Tuesday, February 06, 2007

Learning from annoying people

Over the years I have accumulated a disconcertingly large menagerie of betes noires. One must try, somehow, to put limits on this common temptation. Accordingly, I will discuss only two such individuals here: Gore Vidal and Noam Chomsky.

A half century ago Vidal had the courage to publish a pioneering novel about homosexuality, The City and the Pillar. In subsequent years, however, he has not been candid about his own sexuality. As far as the available evidence goes, he would appear to be a Kinsy 6 or 5--that is, one whose sexual experience is exclusively or almost wholly with his own gender. Yet Vidal has mocked those of us who are working for gay rights as "homosexualists."

His numerous gaffes serve the useful function of lancing Vidal's otherwise insuffereable arrogance. These pratfalls range from his harmless, but ridiculous belief that the word macho is pronounced "makko" (in defiance of the rules of Hispanic orthography) to his pathetic dalliance with the convicted terrorist Timothy McVey.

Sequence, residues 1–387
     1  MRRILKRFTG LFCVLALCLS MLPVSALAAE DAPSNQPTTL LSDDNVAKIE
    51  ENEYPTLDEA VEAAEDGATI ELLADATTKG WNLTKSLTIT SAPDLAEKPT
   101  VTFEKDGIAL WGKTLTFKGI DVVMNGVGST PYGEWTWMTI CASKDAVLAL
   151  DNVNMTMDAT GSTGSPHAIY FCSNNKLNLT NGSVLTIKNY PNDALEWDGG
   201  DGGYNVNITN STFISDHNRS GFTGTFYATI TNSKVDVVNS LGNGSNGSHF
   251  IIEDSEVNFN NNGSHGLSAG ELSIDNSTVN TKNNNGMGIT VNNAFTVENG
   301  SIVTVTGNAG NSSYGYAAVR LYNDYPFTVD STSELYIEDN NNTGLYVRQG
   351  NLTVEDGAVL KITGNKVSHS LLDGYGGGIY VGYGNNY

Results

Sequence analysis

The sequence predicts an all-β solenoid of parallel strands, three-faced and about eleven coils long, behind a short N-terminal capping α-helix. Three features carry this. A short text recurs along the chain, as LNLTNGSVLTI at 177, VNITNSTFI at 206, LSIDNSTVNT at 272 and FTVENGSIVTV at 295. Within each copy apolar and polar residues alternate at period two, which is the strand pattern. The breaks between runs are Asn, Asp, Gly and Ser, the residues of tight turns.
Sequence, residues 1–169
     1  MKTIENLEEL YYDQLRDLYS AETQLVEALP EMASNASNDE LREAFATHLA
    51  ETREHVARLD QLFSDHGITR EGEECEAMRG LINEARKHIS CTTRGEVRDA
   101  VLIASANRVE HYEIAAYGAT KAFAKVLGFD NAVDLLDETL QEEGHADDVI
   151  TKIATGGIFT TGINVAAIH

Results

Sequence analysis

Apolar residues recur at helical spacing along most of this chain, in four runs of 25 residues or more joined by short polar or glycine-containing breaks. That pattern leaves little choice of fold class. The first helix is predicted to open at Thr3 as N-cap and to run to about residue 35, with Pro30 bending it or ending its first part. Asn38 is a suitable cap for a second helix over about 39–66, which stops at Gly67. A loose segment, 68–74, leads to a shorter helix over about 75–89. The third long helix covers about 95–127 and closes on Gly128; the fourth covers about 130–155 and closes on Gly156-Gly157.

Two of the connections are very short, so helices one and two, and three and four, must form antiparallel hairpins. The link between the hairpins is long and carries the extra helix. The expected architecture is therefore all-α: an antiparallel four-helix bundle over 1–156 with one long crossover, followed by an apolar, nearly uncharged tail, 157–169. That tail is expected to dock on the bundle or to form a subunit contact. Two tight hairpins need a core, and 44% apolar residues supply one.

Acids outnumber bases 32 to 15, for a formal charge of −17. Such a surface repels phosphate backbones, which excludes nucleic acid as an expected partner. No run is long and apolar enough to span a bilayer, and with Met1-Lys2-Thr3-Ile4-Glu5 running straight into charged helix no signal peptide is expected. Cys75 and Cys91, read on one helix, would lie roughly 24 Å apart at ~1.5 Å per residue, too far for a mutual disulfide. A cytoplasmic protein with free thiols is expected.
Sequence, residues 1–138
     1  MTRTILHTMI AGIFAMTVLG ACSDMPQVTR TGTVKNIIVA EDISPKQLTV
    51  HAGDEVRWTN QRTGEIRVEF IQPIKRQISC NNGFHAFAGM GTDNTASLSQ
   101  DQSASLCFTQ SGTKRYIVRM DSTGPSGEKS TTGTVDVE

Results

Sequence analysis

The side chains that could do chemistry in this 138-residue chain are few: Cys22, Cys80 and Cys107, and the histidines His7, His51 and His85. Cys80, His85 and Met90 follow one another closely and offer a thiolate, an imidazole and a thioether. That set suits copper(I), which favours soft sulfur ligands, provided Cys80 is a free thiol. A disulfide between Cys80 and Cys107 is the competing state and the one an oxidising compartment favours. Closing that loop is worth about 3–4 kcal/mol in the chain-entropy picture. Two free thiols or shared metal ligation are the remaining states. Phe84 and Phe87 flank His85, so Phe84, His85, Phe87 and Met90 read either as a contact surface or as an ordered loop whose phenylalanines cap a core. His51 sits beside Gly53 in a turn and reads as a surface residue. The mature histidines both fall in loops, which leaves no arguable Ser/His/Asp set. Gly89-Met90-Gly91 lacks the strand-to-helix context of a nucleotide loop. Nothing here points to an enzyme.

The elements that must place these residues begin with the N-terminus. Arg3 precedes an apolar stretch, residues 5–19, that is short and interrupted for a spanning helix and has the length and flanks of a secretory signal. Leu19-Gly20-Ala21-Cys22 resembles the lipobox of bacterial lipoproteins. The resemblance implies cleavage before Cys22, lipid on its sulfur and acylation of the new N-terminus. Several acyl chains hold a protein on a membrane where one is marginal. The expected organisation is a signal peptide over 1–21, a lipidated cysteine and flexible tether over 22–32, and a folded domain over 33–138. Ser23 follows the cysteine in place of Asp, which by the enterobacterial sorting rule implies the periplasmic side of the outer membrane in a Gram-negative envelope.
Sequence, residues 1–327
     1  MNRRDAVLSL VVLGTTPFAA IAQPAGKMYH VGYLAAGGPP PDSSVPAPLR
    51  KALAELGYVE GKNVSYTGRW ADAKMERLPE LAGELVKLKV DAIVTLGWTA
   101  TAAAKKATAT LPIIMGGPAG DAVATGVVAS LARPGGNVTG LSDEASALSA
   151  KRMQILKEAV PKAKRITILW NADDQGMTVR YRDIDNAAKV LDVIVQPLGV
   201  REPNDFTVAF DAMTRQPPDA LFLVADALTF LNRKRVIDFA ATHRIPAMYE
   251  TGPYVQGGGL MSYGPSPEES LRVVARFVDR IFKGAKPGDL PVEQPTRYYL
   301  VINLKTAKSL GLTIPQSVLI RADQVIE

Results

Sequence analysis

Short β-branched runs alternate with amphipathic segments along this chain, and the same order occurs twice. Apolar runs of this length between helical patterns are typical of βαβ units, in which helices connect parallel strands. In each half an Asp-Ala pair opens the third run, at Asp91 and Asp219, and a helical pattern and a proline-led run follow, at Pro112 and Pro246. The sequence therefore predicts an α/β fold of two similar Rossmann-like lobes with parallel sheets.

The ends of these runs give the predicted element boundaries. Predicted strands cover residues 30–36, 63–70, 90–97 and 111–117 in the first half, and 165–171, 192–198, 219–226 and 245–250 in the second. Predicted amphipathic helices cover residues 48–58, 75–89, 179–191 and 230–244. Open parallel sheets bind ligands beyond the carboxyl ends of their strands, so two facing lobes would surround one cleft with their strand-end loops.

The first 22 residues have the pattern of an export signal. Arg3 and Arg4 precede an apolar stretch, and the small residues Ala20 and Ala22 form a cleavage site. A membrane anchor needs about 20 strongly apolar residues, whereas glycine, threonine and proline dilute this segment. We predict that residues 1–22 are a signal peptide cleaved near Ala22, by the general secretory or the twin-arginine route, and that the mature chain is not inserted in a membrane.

In my experience Vidal's historical novels are unreadable, the product of many tedious hours of self-imposed forced labor. This is, strictly speaking, hack work, as he produces these clinkers to support himself in the lifestyle he feels he deserves.

Then there are his political views, which lean to poorly-sourced conspiracy views.

In recent years Vidal has taken to pronouncing the expression "American Empire" (or simply "the Empire") compulsively. At first, like many others, I resisted this label. Yet I have come to see that it is just. What else can one say of a country that has troops stationed in some thirty foreign countries--a nation that asserts, though its commander-in-chief, the right to interfere in other nations when and wherever it pleases. The views of foreigners about this manhandling are by definition of no account.